Rhetorical Questions: In Defense of Pope Francis

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I read an article from the Washington Post yesterday called “Like Pope Francis? You’ll love Jesus.” Basically, it’s a tongue in cheek notation of the way in which so many left-leaning politicians, celebrities, etc, are all enthused over Pope Francis for what they perceive as a shift in Church policies and attitudes.  The author of the article points out that all Francis is really doing is reiterating ideas that have been innate in the Catholic Church since its founding by Christ.  So, to all those non-Catholics or fallen-away Catholics who are suddenly finding this papacy a reason to be invigorated by their faith again–this isn’t new.  The Catholic faith has always been this invigorating!

I think the article makes an excellent point, and it’s nice to see it somewhere like the Washington Post.  More importantly, however, it offers already-faithful Catholics, who probably love Francis because he is renewing and living the tenets of the Catholic faith given to us by Christ, some rich food for thought.

Obviously, Catholics aren’t out to please the entire world. But there is something to be said for the interest Francis has sparked from so many diametrically-opposed groups.  Nor has he garnered such support by somehow compromising Catholic morality or Catholic teaching.  So what has he done that has suddenly made the Catholic Church and its faith more palatable to people who wouldn’t have touched us with a 15 foot pole before?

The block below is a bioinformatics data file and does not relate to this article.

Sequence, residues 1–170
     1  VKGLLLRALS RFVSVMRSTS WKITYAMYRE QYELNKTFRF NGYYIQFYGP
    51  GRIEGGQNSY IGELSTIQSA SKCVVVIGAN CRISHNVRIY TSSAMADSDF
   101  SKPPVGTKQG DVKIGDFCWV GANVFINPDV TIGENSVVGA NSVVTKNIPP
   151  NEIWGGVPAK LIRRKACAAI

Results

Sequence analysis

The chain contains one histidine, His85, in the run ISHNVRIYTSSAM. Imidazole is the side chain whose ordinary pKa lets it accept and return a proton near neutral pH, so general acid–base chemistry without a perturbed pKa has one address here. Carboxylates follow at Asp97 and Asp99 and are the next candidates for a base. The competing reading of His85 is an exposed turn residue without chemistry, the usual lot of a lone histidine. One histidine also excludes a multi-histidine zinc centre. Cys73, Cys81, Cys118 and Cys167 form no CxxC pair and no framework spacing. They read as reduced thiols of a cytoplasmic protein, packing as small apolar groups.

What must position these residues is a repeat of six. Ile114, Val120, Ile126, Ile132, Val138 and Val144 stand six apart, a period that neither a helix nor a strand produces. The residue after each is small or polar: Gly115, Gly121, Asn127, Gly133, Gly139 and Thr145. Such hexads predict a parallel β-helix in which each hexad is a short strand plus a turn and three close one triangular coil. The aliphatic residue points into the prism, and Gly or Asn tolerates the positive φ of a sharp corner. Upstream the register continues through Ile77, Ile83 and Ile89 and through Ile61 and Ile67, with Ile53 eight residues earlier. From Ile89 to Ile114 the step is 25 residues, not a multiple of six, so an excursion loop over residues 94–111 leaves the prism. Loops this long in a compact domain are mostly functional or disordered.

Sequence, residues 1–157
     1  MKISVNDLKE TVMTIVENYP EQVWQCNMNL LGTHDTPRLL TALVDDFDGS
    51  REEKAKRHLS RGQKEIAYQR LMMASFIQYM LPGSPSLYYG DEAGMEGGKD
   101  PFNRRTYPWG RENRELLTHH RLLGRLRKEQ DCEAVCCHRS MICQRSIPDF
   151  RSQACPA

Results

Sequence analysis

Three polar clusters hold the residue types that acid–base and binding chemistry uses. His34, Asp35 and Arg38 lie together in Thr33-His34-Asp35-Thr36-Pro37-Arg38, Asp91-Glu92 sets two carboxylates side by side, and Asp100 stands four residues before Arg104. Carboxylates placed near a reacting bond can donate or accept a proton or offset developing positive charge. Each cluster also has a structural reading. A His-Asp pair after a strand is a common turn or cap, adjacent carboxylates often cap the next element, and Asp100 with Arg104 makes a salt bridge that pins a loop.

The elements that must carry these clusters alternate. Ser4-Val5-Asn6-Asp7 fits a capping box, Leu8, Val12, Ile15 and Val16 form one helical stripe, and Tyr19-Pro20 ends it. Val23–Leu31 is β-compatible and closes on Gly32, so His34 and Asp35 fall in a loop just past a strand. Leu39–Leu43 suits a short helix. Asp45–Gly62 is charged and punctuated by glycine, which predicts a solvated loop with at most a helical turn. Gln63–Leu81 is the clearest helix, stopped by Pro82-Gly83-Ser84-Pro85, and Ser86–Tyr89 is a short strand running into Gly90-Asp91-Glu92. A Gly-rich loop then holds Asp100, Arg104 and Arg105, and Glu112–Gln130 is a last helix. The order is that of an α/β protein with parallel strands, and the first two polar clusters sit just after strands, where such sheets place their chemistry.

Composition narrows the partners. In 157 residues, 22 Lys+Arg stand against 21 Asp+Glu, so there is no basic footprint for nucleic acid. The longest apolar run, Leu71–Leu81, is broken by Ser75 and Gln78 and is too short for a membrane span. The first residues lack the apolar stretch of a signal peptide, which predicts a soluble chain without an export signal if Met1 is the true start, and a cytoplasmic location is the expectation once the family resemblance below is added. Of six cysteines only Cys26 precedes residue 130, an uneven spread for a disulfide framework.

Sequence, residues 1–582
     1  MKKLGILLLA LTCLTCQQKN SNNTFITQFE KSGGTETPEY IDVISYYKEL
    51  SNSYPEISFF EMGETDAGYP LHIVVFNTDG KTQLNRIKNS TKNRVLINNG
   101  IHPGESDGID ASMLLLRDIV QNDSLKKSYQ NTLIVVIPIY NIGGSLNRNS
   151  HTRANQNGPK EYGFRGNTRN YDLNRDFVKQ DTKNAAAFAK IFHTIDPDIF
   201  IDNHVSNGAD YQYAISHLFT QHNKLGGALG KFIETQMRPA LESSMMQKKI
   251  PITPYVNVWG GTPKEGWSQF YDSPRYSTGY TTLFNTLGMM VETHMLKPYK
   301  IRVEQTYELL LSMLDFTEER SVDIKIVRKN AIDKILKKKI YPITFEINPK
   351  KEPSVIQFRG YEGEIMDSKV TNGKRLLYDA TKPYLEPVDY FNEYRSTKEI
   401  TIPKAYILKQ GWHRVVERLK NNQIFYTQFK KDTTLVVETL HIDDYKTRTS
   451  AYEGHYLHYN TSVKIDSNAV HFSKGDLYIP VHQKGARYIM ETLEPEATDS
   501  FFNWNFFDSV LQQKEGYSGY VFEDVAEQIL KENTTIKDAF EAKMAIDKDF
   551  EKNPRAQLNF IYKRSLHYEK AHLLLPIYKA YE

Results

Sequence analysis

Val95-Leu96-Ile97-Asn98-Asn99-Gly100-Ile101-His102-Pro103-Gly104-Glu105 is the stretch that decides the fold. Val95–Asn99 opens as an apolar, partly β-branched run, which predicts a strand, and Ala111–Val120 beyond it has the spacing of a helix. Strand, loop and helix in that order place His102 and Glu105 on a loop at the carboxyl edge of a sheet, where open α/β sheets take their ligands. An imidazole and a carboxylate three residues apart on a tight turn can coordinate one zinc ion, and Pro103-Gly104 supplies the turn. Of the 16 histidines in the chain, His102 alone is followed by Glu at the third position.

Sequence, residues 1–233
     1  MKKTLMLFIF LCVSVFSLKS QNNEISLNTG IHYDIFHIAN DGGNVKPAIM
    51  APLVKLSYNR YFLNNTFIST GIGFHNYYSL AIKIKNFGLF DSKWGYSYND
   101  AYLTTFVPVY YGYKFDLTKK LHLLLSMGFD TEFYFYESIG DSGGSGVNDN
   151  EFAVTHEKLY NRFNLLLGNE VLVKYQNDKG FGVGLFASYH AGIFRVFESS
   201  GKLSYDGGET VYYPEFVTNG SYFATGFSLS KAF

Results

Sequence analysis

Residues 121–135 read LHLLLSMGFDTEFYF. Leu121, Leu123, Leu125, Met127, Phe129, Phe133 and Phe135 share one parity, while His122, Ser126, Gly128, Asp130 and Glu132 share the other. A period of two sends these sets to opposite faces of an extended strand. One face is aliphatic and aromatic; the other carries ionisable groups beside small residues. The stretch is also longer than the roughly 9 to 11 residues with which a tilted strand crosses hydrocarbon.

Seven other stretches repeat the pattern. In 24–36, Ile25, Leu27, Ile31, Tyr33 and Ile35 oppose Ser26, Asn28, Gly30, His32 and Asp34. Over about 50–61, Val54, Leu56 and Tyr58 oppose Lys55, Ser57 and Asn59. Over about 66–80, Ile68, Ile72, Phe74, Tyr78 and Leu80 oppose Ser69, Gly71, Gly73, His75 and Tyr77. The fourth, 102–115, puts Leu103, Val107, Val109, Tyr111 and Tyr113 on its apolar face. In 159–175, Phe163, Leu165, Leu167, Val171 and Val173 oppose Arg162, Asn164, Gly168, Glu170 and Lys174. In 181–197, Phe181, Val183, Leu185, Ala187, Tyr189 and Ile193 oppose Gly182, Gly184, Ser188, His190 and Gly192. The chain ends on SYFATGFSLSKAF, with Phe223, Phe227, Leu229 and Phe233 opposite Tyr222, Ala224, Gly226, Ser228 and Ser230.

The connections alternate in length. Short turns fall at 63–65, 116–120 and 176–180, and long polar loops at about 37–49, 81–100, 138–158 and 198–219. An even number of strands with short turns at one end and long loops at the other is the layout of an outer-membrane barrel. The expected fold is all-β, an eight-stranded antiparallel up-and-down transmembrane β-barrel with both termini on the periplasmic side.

First, I think there’s something to be said for his demeanor on the most superficial level.

From the very beginning of his papacy, when he stopped by his hotel to pick up his bags personally, or when he called the newspaper vendor from his former diocese, Francis has impressed the world with his affability, his humility, and his humanity.  Not that all our other popes have been stiff or vain–but Francis has such an air of approachability.  We must imagine that Christ had this same air; people from all groups felt able to approach Him without fear of judgment or exclusion, and, upon approaching Him, to feel that He was truly looking at them, listening and speaking to them.  This is the impression people have gotten from Pope Francis.


Secondly, it’s his method of delivery when speaking, preaching, or writing.  Having fostered with his manner an openness to dialogue in many people who might otherwise have ignored him, he next tends to demonstrate a corresponding gentleness in how he says what he says. That is not to say that he is weak, ambiguous, or abstract (he’s been accused of all three).  But everything he says is uttered simply, logically, and charitably.  He sets an example of the things he talks about, especially in regards to love of neighbor, and is so unassuming that you find yourself listening, I think, even when you don’t intend to.